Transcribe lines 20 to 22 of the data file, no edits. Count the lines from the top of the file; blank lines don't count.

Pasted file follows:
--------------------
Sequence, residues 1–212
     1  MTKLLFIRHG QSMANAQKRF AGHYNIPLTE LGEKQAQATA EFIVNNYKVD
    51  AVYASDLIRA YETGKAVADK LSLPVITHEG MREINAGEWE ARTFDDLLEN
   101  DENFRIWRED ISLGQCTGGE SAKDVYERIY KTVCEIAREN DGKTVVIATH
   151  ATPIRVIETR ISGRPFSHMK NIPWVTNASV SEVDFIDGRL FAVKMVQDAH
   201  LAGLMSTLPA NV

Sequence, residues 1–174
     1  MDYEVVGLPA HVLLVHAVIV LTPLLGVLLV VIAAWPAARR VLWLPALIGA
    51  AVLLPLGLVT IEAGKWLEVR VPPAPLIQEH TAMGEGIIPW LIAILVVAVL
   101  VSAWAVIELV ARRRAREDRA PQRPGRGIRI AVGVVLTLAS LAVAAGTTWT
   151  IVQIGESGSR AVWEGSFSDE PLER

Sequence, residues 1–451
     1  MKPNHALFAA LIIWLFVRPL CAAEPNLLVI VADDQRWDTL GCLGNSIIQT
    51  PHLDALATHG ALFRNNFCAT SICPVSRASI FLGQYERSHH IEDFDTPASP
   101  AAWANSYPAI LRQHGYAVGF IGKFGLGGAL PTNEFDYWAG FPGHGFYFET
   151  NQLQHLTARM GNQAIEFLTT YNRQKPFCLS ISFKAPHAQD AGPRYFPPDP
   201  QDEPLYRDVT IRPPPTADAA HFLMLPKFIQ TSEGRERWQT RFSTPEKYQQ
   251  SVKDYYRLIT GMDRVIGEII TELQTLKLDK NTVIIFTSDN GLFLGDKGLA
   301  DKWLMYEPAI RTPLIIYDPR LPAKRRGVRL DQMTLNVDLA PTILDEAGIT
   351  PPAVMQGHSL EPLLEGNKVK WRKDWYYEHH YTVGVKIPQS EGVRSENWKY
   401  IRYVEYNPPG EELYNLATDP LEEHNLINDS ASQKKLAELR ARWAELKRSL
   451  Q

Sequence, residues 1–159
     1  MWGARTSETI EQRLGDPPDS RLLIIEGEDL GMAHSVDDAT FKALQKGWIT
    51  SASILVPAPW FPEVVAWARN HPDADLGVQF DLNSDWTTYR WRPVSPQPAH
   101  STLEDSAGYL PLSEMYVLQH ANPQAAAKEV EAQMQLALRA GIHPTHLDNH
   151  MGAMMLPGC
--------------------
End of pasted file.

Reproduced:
   351  PPAVMQGHSL EPLLEGNKVK WRKDWYYEHH YTVGVKIPQS EGVRSENWKY
   401  IRYVEYNPPG EELYNLATDP LEEHNLINDS ASQKKLAELR ARWAELKRSL
   451  Q